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SC asks AGP to carefully consider NAB chairman appointment

CJP remarks one should not be influenced by opinion of anyone outside the system over the appointment Supreme Court to ‘examine’ changes in NAB law

Chief Justice of Pakistan Justice Umar Ata Bandial advised the Attorney General of Pakistan (AGP) Ashtar Ausaf to carefully consider the appointment of National Accountability Bureau (NAB) chairman on Friday.

The Supreme Court was hearing a suo motu notice case on the apprehension of persons in authority undermining the criminal justice system. During the hearing on the issue of the appointment of the NAB chairman, the CJP remarked that one should not be influenced by the opinion of anyone outside the system over the appointment. The CJP advised the AGP that the NAB chairman should be a competent and trustworthy person, and therefore, his appointment should be made with careful consideration.

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CJP Bandial stated that the NAB should not tolerate pressure to bring a case without merit. “If NAB is under pressure, write to us. That does not imply that you must pick and drop any case you want,” he said. The CJP said there was a high-profile drug case which made headlines and when the investigating officer was asked about it, he had commented that it was a bogus case. The CJP questioned the AGP regarding the process for removing names from the Exit Control List (ECL) at the start of the hearing.

Justice Aijaz ul Hasan inquired as to why 444 names were removed from the ECL so swiftly. “There is no mention of the revisions being retroactively applied. How may ministers whose names appear on the ECL chose to have them removed?” CJP Bandial asked while pointing out that “the court placed Khawaja Saad Rafique’s name [on the list],” to which the AGP responded that Rafique was not present at the cabinet meeting that approved the amendments.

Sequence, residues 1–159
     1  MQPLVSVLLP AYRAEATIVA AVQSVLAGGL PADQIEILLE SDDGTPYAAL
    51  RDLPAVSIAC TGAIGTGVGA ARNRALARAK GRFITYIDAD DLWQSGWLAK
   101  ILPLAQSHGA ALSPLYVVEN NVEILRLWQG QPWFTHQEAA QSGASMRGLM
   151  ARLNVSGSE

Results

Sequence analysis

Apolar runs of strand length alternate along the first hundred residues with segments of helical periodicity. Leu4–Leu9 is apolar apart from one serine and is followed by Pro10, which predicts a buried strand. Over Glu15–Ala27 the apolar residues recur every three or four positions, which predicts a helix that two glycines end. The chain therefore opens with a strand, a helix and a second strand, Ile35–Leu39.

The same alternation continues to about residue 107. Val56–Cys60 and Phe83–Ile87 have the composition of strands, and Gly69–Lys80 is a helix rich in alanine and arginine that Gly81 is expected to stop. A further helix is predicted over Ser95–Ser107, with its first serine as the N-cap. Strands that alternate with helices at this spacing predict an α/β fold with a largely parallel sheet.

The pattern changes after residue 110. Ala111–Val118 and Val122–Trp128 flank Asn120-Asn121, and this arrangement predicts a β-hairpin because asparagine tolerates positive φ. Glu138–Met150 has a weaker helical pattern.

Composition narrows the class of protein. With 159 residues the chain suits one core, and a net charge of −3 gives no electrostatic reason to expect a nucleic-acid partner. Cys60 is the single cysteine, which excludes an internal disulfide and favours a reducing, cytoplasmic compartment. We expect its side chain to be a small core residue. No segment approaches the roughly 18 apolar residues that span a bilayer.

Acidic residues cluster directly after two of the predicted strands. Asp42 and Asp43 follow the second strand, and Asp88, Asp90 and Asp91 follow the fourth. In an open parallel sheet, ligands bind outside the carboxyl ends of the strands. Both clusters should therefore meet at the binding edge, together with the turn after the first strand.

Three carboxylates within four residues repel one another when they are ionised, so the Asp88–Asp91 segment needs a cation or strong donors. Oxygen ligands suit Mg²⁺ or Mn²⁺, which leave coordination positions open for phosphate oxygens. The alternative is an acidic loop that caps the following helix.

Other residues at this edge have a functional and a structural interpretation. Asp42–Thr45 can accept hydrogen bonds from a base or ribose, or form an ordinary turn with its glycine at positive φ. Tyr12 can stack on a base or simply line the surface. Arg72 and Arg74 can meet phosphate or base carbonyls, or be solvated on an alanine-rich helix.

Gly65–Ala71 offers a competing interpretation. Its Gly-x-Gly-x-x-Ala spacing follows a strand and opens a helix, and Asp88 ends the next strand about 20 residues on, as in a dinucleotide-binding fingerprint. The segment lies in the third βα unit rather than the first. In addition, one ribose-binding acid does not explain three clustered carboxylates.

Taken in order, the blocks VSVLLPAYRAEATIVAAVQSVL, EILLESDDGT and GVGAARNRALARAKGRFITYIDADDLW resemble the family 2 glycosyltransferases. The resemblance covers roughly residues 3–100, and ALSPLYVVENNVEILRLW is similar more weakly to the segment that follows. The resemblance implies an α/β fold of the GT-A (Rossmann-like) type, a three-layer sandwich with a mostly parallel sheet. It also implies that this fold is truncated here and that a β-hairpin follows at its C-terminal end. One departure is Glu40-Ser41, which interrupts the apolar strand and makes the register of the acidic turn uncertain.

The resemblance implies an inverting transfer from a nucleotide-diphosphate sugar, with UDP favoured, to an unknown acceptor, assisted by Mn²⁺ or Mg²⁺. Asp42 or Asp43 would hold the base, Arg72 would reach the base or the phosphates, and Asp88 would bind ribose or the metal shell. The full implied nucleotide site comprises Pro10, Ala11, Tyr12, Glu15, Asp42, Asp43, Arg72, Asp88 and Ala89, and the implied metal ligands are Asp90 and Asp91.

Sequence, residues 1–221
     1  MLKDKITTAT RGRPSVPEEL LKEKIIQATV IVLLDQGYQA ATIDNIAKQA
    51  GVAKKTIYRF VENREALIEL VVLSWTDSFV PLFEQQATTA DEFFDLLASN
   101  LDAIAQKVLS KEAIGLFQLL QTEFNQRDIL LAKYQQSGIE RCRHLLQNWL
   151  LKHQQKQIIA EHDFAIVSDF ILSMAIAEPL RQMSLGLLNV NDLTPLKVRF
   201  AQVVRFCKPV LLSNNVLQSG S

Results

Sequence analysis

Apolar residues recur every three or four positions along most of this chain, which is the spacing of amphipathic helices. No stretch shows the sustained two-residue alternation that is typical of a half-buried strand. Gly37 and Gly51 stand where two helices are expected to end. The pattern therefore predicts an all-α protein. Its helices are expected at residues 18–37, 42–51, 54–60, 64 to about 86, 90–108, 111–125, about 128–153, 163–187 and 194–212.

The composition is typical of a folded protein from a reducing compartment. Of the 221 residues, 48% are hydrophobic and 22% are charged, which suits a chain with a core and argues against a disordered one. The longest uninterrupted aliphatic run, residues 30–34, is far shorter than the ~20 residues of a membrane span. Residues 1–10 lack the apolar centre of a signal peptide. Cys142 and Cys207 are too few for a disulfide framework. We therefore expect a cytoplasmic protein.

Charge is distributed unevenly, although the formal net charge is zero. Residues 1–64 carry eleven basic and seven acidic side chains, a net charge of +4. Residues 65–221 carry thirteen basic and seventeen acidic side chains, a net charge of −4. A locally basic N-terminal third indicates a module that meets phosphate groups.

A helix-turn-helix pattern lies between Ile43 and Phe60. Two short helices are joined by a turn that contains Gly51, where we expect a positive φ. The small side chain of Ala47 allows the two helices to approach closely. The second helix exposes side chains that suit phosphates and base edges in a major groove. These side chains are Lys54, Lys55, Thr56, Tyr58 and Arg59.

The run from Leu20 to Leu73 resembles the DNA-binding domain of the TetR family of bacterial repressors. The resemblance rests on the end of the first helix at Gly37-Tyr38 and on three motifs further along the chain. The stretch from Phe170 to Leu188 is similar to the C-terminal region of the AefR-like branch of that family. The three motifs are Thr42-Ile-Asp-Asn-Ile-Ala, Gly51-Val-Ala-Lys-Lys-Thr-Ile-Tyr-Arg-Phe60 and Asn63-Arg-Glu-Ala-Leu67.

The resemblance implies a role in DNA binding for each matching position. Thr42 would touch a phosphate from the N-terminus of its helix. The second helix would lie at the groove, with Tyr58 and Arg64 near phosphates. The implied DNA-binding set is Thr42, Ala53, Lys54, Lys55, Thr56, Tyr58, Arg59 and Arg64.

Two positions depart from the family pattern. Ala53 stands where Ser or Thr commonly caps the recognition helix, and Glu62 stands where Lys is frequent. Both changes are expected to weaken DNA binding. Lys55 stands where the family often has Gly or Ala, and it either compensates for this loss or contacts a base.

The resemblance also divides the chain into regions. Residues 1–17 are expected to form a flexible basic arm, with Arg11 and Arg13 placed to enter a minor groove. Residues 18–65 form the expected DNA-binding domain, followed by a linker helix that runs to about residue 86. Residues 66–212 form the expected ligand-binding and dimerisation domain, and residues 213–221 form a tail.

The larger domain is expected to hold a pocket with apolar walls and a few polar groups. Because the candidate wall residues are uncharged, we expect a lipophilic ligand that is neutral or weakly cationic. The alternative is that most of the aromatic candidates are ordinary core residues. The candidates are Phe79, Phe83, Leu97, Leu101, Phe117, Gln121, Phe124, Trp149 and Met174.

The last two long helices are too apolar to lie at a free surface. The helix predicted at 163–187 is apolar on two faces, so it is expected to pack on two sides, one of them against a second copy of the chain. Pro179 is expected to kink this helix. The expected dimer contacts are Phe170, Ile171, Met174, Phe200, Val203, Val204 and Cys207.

“The [amended] guidelines have been accepted by Khawaja Saad Rafique, according to the records. Shouldn’t ministers have kept their distance from the situation?” Justice Akhtar questioned. “How is it possible to use a government decision for personal gain? Is there a code of ethics for ministers when it comes to personal matters?” he asked. According to the AGP, a personal case was not sent to the minister in question because of the code of conduct. Justice Akhtar was perplexed as to why the code of conduct had not been implemented.

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The attorney general, on the other hand, contended that if the prime minister’s name is on the ECL, the cabinet could not make any decisions. “It would be appropriate to construct such a government in which no one’s name appears on the ECL,” Justice Akhtar observed. The court was not considering the case to penalize anyone, according to the CJP.

Justice Akhtar inquired as to who made the decision to apply the amendments retroactively, to which the AGP responded that the decision was made by a subcommittee. The AGP said, “In my opinion, the ECL should not exist.” The CJP, on the other hand, stated that the court would not consider personal opinions in the case. “When exerting power, honesty, justice, and transparency should be considered,” the CJP continued.

Separately, Supreme Court on Friday observed that it would examine changes being made to the National Accountability Ordinance 1999 – the NAB law – by the federal government as it could not overlook the efforts to “minimise the role” of the accountability watchdog. The remarks were made by Chief Justice Umar Ata Bandial during the hearing of a suo moto case against alleged intervention in high-profile cases, including that of Prime Minister Shehbaz Sharif and his son Chief Minister Hamza Shehbaz, by the government.

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